(03) 9720 4842   |   info@awwtinnies.com.au

Blog

Benefits of sail outboard motors

Blog | 15 November 2013

What is a sail outboard motor and what benefit comes of having one?

A sail outboard motor is a motor that can be used to propel small sailboats. Since smaller sailboats tend to place a premium on the weight of the entire vessel and equipment, it is rare for a small sailboat to be equipped with an inboard motor. The things that make sail outboard motors different from outboards for other small watercraft are both the attention to reducing size and weight as well as having longer shafts. The longer shafts tend to be necessary as small sailboats do not have attachment points near water level as most small boats do.

What Use is Such a Motor?

There are three benefits of having a sail outboard on any small sailboat. The first is avoiding being stranded by a dead calm. While modern sail architecture is very efficient at catching even small breezes, there will surely rise moments where there is simply no wind to catch. In the event that there is some time constraint on the boating trip, being able to start the motor and get back to the dock under power is a huge asset.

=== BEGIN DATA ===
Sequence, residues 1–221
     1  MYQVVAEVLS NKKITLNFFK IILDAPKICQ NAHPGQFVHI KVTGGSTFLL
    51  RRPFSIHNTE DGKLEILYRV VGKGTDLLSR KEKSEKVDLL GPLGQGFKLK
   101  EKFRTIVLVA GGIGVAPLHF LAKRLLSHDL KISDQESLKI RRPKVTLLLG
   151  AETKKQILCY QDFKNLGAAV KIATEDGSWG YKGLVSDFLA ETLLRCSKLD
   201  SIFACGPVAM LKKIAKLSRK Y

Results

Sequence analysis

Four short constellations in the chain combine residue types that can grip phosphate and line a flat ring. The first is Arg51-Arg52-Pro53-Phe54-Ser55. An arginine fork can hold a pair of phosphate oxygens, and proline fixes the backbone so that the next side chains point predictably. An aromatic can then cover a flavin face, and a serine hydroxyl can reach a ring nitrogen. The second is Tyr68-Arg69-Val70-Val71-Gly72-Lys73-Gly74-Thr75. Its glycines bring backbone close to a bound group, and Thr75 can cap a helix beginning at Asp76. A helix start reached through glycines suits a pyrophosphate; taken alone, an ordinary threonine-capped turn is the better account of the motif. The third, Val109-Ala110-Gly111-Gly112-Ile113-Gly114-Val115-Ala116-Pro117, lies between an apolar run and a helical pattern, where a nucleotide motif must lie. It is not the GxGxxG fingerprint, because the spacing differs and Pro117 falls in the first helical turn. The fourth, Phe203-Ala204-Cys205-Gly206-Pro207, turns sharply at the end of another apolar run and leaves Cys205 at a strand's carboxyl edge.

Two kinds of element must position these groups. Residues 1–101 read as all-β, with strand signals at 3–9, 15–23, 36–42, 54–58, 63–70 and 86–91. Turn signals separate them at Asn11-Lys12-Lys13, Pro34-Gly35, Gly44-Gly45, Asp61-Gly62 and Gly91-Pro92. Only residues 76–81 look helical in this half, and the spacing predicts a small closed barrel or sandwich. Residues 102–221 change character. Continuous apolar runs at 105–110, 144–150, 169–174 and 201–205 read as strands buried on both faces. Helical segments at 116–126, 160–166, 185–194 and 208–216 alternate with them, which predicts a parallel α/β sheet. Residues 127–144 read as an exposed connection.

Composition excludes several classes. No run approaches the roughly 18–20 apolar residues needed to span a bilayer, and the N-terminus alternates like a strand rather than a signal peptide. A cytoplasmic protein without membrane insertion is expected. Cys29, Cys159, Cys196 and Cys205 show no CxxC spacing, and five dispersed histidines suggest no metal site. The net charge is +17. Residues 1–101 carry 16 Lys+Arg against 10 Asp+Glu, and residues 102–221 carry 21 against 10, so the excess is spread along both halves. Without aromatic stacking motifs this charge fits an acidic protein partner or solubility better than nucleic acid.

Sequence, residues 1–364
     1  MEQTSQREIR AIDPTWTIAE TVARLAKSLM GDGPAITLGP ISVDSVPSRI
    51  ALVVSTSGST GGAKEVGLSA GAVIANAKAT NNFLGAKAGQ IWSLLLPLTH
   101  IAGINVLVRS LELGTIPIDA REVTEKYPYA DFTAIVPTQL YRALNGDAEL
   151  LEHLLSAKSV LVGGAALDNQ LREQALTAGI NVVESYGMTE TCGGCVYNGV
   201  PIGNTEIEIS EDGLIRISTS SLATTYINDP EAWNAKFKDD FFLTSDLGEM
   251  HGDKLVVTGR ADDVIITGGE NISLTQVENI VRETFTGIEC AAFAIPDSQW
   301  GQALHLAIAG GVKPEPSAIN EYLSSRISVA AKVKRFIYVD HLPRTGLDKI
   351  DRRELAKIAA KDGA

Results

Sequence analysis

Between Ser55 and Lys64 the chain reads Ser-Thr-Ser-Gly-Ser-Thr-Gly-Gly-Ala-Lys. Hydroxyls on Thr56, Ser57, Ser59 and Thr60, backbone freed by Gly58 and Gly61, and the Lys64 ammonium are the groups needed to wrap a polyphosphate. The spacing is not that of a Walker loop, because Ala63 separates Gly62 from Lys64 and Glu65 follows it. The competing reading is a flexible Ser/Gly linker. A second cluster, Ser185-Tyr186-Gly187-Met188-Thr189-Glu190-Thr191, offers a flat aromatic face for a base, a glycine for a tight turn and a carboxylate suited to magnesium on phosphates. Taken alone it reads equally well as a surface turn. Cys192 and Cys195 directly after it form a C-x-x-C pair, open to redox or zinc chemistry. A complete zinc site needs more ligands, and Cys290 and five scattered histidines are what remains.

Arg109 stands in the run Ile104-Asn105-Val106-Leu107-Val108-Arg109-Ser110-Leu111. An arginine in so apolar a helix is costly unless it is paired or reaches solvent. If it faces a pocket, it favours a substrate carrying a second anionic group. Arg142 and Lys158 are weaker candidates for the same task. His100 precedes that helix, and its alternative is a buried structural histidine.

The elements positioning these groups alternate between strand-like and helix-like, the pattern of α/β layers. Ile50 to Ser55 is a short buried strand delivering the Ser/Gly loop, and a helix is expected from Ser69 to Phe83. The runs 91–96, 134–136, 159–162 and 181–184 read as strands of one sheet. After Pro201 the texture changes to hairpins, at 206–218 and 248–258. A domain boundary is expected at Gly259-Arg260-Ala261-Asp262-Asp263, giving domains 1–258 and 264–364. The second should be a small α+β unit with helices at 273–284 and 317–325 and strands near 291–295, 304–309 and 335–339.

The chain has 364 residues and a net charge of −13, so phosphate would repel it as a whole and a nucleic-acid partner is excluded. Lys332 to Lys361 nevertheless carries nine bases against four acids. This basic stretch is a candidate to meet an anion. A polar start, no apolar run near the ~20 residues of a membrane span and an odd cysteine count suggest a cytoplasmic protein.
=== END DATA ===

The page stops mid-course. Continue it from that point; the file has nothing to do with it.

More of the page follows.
The second benefit of such an outboard is being able to power through rougher water. When wind picks up and becomes choppy, as it does before storms, the erratic air currents and more pronounced waves can make holding a steady course extremely difficult. With a propulsion source that does not rely on the erratic wind, getting to a destination is far easier.

The last, and probably most crucial benefit of a sail outboard is control. Being propelled by the wind is a wonderful feeling, but it does not lend itself to pinpoint control. When maneuvering around docks crowded with other watercraft, the motor allows controlled propulsion to avoid accidents.

How to Choose the Right Motor

The general formula is 4HP per 2200 lbs of displacement. This is with normal use considered. Those planning to make extensive use of the motor as the primary propulsion or in areas where choppy water is more common may be wise to opt for a little more power to deal with the greater demands. One real caveat when choosing a motor is selecting a reputable local dealer. Many get pulled in by the low prices of some cheaper Chinese manufacturers and, to their dismay, learn that less expensive does not equal better value. Warranty issues and differing emissions standards are reason enough to shop locally for the outboard.

Content marketing and site Optimisation by www.netwizardseo.com.au